Wednesday, May 15, 2024

MFJ-1896: 6 Meter Moxon

It may seem surprising that I have an MFJ antenna. The story behind it is interesting. While chatting with a friend last year I mentioned that I would like to have a second 6 meter antenna. It would be used to check for DX in directions other than the one the main antenna is being used for. Turning antennas to find openings is tedious and during those minutes I can miss stations from all directions.

He mentioned that he had a small 6 meter yagi that he bought at a flea market but would never use because he had no room for it. When he brought it over I was surprised to find that the carton was unopened; it was a new antenna. It turns out that the fellow that sold it to him for a few dollars had the same problem: no room for it. So I found myself with a free and brand new MFJ-1896 6 meter Moxon.

It languished for a year. The 6 meter season was drawing to a close at the time and I had more urgent projects. I felt a little guilty with the carton standing there over the winter since a gift ought to be enjoyed. This month, with the 6 meter season started, I finally made the effort. It's a small project that I could tackle despite the family issues that are occupying so much of my time at present. Assembly and tuning took just 2 hours spread over a couple of days.

I opened the carton and found most of the parts loosely packed. The hardware was bagged and a there was a bit of bubble wrap around the tubes. There were two assembly guides, a large one inside and a smaller version stuffed in a fold of the carton. I don't know why. I didn't bother to compare them in detail, though they appeared to have the same content.

The instructions were skimpy, as noted by others in the small number of eHam reviews. All the listed parts were located, including a few spare lock washers. The heads of the #10 hex bolts were smaller than standard size. I think all the hardware is stainless. A little time spent outdoors will soon confirm that.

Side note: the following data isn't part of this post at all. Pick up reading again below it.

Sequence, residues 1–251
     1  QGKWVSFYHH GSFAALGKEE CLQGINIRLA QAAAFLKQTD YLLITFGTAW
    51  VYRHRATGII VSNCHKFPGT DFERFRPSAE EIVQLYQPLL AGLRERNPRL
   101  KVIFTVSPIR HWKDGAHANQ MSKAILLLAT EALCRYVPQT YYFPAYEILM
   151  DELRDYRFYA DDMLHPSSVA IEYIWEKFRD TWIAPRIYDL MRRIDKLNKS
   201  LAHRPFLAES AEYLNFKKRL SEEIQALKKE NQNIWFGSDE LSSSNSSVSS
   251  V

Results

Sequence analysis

As noted in the reviews, finish quality was lacking. A couple of the corner pieces were not bent to right angles, tube slots had hazardous burrs and the coax pigtail wasn't wide enough to fit onto the driven element studs.

I filed the burrs, bent the corner tubes and slit the coax a bit to fit the studs. A bolt hole on one side of the driven element was askew, which made it difficult to push the #10 bolt through it. 

Let's talk about the aluminum tubes. The extraordinary light weight of the antenna offers a hint. They are thin, very thin at 0.03". The same goes for the 1.5" diameter boom. This is half the wall thickness of the usual aerospace 0.58" wall used for telescoping yagi elements in better antennas. Even that isn't the entire story.

For proper telescoping the step is 1/16" rather than the usual ⅛". The main tubes are ⅜" diameter and that of the corner pieces is 7/16". This by itself isn't worrisome for a fairly small VHF antenna. The problem lies with the aluminum alloy.

This is not high tensile strength aluminum alloy. It crushes all too easily. There is almost no resistance to the pressure from screwing on an ordinary #10 nut. No matter how careful you are, the tube will crush before the hardware is properly torqued. Eventually the tube will further yield under wind load and weaken the mechanical and electrical bonds.

The situation is less dire for the joints with the elbows and element tip insulators. The distributed pressure of hose clamps avoids the risk of crushing the tubes. The driven element in particular needs support inside the tube to reliably secure the low tensile strength aluminum tubes. I did not attempt to "fix" the antenna's design woes.

I put my concerns aside and completed assembly of the antenna. I followed the dimensions printed in the manual. The critical element coupling inherent to the Moxon's operation requires more care in measurements than for a conventional yagi.

The picture shows how I modified the feed point to reach the studs and used silicone caulk to seal the unprotected open end of the RG58. RG58 of any length at VHF is a bad idea but I had no compelling reason to upgrade it. It's only a few feet and I doubt that I'll be tempted to put a kilowatt into it. I can replace the supplied coax if I'm even so inclined.